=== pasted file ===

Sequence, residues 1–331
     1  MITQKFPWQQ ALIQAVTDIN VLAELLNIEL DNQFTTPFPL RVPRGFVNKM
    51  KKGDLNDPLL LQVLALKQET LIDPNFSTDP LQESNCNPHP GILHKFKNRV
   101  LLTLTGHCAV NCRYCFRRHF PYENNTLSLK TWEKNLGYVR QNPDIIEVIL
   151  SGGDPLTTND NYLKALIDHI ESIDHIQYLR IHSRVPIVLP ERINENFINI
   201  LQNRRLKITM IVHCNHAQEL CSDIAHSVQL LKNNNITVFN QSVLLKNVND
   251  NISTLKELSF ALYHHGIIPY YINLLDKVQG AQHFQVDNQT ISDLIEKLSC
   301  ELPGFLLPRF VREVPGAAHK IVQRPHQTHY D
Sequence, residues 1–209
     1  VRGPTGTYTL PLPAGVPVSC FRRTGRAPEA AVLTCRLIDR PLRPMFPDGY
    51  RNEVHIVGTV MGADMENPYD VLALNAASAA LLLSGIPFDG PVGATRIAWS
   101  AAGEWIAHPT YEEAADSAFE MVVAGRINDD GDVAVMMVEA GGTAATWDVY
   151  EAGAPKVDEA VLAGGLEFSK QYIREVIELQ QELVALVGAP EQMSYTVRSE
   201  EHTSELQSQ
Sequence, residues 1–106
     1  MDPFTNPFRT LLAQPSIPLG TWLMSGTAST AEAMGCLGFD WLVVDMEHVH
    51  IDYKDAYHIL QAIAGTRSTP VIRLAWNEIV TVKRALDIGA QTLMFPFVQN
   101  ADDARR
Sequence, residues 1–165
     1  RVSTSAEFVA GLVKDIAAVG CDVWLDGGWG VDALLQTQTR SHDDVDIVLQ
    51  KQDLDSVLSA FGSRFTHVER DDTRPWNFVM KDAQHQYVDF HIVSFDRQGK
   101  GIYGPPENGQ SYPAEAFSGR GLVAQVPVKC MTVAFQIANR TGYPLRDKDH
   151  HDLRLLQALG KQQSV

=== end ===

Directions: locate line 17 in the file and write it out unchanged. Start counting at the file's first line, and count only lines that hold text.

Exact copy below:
    51  IDYKDAYHIL QAIAGTRSTP VIRLAWNEIV TVKRALDIGA QTLMFPFVQN